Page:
ter Lewis’ long run-back. The final
count: Washington 28, Oregon 27.
Indians Fear
Idaho,- Bears
Eye Ducks
Stanford University Indians, fresh
from their amazing; victory over
University of Southern California,
i are “definitely taking; Idaho seri
| ous,” Coach Marchie Schwartz said
Pointing out that his club played
far and away its best game of the
season against the Trojans,
Schwartz said there could be no let
down for the Idaho club this Satur
day because his scouts reported
that the Vandals were an “explo
sive” club.
Ray Hammett, Stanford assist
ant coach who scouted Idaho—
“The Vandals have two of the finest
tackles in the conference ill Carl
Kiilsgaard and Wally Overguard.
They also have fine backs in John
Brogan, Bob Mays and Jerry Diehl;
and the finest offensive guard I've
seen this year in Roy Colquitt. I
can’t understand how they lose
Art Leichtman, Oregon — “We
expect to score on California—but
I don't know how many times.
We’ve had a lot of the braks go
against us this year, but maybe the
tide will tin' nnow. Costly errors by
our seven Sophomores on defense
have beaten us in several games.”
Lynn Waldorf, C a 1 i f o rnia—
“Marv Cross, Washington State
fullback, tore our line to shreds. He
is a very fine ball carrier— and so is
that Don Paul. Also, I've worried
more over meeting Oregon than
for any gome this year.”
Joe Verducci, St. Mary’s—‘‘we
played good football for a full game
for the first time this season
against Denver.”
Outside Mirrors
• Theft Proof—
Patented Lock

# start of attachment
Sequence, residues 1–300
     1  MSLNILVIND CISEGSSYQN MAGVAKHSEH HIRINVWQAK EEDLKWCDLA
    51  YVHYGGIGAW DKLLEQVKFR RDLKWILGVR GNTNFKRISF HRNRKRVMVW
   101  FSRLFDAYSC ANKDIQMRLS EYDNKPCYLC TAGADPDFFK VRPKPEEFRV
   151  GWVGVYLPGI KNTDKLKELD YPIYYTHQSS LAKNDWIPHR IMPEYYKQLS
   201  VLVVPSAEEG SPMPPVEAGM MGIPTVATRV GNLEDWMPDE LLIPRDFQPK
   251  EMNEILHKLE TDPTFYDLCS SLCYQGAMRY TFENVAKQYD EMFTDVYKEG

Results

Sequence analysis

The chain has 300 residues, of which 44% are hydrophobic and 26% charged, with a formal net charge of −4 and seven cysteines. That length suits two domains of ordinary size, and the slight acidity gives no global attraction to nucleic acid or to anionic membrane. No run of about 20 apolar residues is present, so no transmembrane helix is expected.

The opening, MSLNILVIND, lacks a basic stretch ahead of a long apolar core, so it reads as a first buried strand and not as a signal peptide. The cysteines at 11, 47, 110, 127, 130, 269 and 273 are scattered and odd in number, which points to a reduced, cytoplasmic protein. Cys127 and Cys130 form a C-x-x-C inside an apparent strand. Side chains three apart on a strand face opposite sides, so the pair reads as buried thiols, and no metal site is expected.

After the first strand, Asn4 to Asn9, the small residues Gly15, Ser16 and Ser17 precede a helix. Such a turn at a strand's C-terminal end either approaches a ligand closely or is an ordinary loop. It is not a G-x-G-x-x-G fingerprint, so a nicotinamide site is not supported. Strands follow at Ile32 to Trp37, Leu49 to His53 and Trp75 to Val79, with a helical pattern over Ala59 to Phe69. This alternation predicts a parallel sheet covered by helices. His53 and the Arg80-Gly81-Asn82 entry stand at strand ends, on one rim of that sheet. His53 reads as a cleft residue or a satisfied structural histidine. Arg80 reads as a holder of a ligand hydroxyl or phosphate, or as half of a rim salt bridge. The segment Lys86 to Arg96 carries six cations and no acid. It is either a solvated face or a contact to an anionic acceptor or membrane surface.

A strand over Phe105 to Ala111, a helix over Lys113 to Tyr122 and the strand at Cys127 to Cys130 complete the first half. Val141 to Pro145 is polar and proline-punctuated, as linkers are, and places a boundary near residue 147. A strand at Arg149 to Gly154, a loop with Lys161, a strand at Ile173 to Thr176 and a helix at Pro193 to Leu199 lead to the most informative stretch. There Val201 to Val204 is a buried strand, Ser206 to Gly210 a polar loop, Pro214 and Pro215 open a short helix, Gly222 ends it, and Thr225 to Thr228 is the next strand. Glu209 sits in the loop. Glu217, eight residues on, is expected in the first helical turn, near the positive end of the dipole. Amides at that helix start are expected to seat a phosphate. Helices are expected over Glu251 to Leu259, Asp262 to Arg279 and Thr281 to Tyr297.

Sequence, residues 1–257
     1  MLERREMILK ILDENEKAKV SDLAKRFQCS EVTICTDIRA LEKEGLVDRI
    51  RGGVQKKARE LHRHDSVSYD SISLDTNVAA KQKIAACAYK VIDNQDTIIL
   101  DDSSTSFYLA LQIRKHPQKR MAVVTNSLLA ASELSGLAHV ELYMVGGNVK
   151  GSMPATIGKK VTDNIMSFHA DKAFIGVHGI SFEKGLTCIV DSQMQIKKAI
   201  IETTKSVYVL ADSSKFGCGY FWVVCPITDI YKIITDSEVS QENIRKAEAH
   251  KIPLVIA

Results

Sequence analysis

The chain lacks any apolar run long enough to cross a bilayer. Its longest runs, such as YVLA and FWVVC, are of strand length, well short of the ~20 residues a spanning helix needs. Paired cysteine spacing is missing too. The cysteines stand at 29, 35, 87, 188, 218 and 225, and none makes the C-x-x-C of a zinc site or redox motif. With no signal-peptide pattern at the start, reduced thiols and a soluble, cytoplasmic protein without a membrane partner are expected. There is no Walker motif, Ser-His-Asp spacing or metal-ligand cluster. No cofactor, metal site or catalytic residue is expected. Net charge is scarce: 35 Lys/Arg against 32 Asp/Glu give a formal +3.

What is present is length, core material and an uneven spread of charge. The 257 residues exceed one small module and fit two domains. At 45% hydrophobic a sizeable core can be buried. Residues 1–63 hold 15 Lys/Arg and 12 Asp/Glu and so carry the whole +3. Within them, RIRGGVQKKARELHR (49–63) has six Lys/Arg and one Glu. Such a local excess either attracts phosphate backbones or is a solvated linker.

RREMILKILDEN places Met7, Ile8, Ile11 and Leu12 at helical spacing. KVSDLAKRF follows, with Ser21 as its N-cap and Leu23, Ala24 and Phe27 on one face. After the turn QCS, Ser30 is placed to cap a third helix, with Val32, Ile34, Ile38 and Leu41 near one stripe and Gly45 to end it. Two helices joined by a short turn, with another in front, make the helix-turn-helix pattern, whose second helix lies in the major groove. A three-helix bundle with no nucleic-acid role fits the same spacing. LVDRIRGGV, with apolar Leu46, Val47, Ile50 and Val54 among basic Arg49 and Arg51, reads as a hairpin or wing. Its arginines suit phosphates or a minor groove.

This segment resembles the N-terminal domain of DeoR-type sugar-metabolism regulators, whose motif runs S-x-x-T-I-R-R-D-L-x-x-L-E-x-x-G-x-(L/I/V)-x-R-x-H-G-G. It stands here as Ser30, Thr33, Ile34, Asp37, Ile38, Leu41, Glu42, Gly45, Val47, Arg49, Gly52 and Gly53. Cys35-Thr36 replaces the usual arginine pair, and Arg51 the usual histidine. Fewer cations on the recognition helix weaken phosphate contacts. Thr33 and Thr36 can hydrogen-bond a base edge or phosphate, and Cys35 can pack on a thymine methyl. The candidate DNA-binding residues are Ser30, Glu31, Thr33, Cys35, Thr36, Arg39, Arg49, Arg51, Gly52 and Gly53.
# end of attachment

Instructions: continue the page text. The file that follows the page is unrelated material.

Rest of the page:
9 Chrome
9 Adjustable
1970 Main St.
l’hono 7-7066
Lewis for Yardage Against Washington
WOODLEY LEWIS (30), fleet Webfoot backfield ace, begins a downfield sprint off the Washington
right tackle. Re picked up some valuable yardage for the Ducks in the Washington tilt Saturday at
Multnomah Stadium. Fullback Bob Sanders (45) throws a nice block on Husky Joe Cloidt, right end.
Pro Officials Criticized
By Chicago Bear Coach
CHICAGO, (UP)—Owner-Coach
, George Halas of the Chicago Bears,
in a bitter blast at the officiating
of the National Football Loague
game against the Los Angeles
Rams, charged that “bad judg
ment” by the officials cost his
team the game.
Halas charged that back judge
Norman Duncan made two vital
errors in calling penalties on the
Bears which set_ up two touch
downs for Los Angeles. In addition,
he contended that a bad call by
field judge Rockwell Kemp, gave
the Rams a field goal.
The Rams won the game, 27 to
24, to continue undefeated in the
league’s Western Division with six
victories compared to a three and
three mark for the second place
George Bell
GEORGE BELL, baokfield ace
for the Webfoots, will be in full
prime for t lie University of Cali
fornia tilt Saturday at Berkeley.
“It has been the tradition of the
Bears in 30 years never to com
plain . . . over the loss of a foot
ball game because of bad judg
ment on the part of officials,”
Halas said. “However, in view of
the Clark Shaughnessy blast from
California, I am putting my cards
on the table.”
Shaughnessy, in a statement
Monday, said that Halas Had no
complaint about the officials as
they were appointed by Hugh L.
(Shorty) Hay, who was a “Halas
man.” Shaughnessy also contended
that the pass interference penalty
imposed on the Bears before the
Rams’ last touchdown was justi
“The movies definitely substan
tiate the statement of John Hoff
man, our fullback, that he did not
interfere or face-Guard Vitamin
Smith, Rams halfback, in the end
zone at any time on the play which
set up their winning touchdown.”
Halas said.